University of Sydney researchers have announced a new low-cost battery built with four times the capacity of lithium ion. The researchers are hoping that a new, low-cost battery is far cheaper to produce will significantly reduce the cost of transitioning to a decarbonized economy. Led by Dr Shenlong Zhao from the University’s School of Chemical and Biomolecular Engineering, the battery has been made using sodium-sulfur – a type of molten salt that can be processed from sea water – costing much less to produce than lithium-ion.
The team’s paper “Atomically Dispersed Dual?Site Cathode with a Record High Sulfur Mass Loading for High?Performance Room?Temperature Sodium–Sulfur Batteries” has been published in the journal Advanced Materials.
The model of S@MoS2-Mo1/SGF (Figure 1f) is identified by simulating the atomic resolution HAADF-STEM image (Figure 1e) via QSTEM software. Image Credit: University of Sydney. Click the study paper link for more images and information.
Although sodium-sulfur (Na-S) batteries have existed for more than half a century, they have been an inferior alternative and their widespread use has been limited by low energy capacity and short life cycles.
Using a simple pyrolysis process and carbon-based electrodes to improve the reactivity of sulfur and the reversibility of reactions between sulfur and sodium, the researchers’ battery has shaken off its formerly sluggish reputation, exhibiting super-high capacity and ultra-long life at room temperature.
The researchers say the Na-S battery is also a more energy dense and less toxic alternative to lithium-ion batteries, which, while used extensively in electronic devices and for energy storage, are expensive to manufacture and recycle.
Dr Zhao’s Na-S battery has been specifically designed to provide a high-performing solution for large renewable energy storage systems, such as electrical grids, while significantly reducing operational costs.
According to the Clean Energy Council, in 2021 32.5 percent of Australia’s electricity came from clean energy sources and the industry is accelerating. Household energy storage is also growing. According to a recent report a record 33,000 batteries were installed in 2021.
Lead researcher Dr Zhao said, “Our sodium battery has the potential to dramatically reduce costs while providing four times as much storage capacity. This is a significant breakthrough for renewable energy development which, although it reduces costs in the long term, has had several financial barriers to entry. When the sun isn’t shining and the breeze isn’t blowing, we need high-quality storage solutions that don’t cost the Earth and are easily accessible on a local or regional level.”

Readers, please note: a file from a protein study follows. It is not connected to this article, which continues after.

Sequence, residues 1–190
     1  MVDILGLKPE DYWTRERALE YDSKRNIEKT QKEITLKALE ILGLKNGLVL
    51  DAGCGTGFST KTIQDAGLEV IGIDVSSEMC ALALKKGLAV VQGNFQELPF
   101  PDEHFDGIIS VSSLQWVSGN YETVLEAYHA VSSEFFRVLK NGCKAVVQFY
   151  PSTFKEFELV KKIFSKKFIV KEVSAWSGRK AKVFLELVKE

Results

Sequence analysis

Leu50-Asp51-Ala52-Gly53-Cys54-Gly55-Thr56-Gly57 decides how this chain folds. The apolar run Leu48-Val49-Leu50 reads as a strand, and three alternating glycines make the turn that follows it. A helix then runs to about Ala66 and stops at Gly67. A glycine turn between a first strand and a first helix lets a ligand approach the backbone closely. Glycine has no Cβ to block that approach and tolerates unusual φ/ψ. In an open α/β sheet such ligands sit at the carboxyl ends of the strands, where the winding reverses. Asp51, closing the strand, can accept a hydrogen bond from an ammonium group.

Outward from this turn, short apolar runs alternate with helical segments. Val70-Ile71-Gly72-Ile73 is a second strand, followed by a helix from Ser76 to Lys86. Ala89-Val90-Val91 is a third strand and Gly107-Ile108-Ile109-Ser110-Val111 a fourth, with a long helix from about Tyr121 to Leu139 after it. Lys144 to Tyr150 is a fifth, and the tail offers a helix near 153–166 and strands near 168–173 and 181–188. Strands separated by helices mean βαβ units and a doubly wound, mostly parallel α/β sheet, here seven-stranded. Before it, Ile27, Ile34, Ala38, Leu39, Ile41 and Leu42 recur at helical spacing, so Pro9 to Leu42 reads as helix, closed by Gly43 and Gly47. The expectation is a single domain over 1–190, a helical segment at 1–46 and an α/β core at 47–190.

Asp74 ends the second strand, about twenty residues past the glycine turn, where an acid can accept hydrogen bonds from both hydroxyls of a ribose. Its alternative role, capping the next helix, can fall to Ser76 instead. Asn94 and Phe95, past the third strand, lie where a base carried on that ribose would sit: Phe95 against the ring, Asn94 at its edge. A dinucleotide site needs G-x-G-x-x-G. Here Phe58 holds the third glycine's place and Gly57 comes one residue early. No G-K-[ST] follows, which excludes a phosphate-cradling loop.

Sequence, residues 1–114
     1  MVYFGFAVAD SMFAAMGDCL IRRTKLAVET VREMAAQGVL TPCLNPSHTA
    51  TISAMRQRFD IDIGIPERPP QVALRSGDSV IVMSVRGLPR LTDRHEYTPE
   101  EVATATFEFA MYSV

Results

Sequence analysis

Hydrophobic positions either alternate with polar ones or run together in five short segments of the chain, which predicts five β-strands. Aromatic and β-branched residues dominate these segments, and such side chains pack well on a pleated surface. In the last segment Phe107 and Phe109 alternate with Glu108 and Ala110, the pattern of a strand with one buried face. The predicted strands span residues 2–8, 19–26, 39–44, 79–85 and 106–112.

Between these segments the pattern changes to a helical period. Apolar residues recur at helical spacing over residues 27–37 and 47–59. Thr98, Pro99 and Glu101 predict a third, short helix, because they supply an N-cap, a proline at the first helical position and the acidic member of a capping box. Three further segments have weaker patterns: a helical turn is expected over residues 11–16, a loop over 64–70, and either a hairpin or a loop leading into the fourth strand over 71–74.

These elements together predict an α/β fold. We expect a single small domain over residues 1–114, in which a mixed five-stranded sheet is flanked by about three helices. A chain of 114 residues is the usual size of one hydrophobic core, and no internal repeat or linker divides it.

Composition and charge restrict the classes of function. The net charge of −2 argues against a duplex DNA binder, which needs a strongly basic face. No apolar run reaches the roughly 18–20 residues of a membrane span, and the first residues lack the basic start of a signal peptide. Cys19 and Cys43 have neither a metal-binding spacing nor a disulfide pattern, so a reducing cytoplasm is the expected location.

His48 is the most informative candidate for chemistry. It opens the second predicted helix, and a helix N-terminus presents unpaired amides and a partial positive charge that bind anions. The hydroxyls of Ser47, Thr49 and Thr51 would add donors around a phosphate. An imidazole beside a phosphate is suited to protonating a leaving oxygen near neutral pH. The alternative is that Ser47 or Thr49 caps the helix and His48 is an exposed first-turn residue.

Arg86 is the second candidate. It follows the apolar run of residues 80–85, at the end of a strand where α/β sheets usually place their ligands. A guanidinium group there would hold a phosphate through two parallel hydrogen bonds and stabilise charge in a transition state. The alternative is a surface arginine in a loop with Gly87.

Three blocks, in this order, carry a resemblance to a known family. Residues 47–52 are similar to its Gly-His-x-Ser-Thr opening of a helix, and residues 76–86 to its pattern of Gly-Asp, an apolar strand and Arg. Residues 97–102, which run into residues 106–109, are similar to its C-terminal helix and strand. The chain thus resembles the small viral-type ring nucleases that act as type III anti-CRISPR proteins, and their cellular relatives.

“We hope that by providing a technology that reduces costs we can sooner reach a clean energy horizon. It probably goes without saying but the faster we can decarbonize – the better chances we have of capping warming.” He added. “Storage solutions that are manufactured using plentiful resources like sodium – which can be processed from sea water – also have the potential to guarantee greater energy security more broadly and allow more countries to join the shift towards decarbonization.”
The lab-scale batteries (coin batteries) have been successfully fabricated and tested in the University of Sydney’s chemical engineering facility. The researchers now plan to improve and commercialize the recently fabricated Ah-level pouch cells.
One does hope that the sodium-sulfur chemistry for batteries keeps coming along. This team’s work is a major improvement and signals that there is much innovative room to improve this chemistry. Congratulations are in order for insight well used to the benefit of the entire battery complex from raw material producers to the end user. A four fold increase would be a huge boon for consumer products and depressurize the lithium demand across the whole market spectrum.
Its too bad the motivation expressed hinges on grid storage. But the team works in a market that is being run by politicians and bureaucrats instead of engineers, who are driving to “decarbonize”, which is rather scary as carbon dioxide is the principle food source for the plants on earth – that feeds, well, Everything and Everybody.
By Brian Westenhaus via New Energy and Fuel
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